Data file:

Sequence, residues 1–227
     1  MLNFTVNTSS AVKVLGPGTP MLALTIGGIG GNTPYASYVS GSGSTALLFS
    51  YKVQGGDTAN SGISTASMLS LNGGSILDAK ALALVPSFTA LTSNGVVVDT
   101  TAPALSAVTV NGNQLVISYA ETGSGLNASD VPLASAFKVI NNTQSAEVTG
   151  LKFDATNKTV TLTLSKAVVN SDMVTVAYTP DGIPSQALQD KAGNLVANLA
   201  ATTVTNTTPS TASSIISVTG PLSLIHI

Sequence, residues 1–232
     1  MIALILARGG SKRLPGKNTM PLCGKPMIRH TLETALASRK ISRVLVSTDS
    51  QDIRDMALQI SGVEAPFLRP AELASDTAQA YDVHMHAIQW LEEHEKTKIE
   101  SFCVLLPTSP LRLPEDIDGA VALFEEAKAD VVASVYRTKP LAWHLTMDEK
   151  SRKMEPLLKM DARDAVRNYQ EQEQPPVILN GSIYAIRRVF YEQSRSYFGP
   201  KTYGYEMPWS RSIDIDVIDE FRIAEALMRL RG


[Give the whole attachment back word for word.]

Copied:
Sequence, residues 1–227
     1  MLNFTVNTSS AVKVLGPGTP MLALTIGGIG GNTPYASYVS GSGSTALLFS
    51  YKVQGGDTAN SGISTASMLS LNGGSILDAK ALALVPSFTA LTSNGVVVDT
   101  TAPALSAVTV NGNQLVISYA ETGSGLNASD VPLASAFKVI NNTQSAEVTG
   151  LKFDATNKTV TLTLSKAVVN SDMVTVAYTP DGIPSQALQD KAGNLVANLA
   201  ATTVTNTTPS TASSIISVTG PLSLIHI

Sequence, residues 1–232
     1  MIALILARGG SKRLPGKNTM PLCGKPMIRH TLETALASRK ISRVLVSTDS
    51  QDIRDMALQI SGVEAPFLRP AELASDTAQA YDVHMHAIQW LEEHEKTKIE
   101  SFCVLLPTSP LRLPEDIDGA VALFEEAKAD VVASVYRTKP LAWHLTMDEK
   151  SRKMEPLLKM DARDAVRNYQ EQEQPPVILN GSIYAIRRVF YEQSRSYFGP
   201  KTYGYEMPWS RSIDIDVIDE FRIAEALMRL RG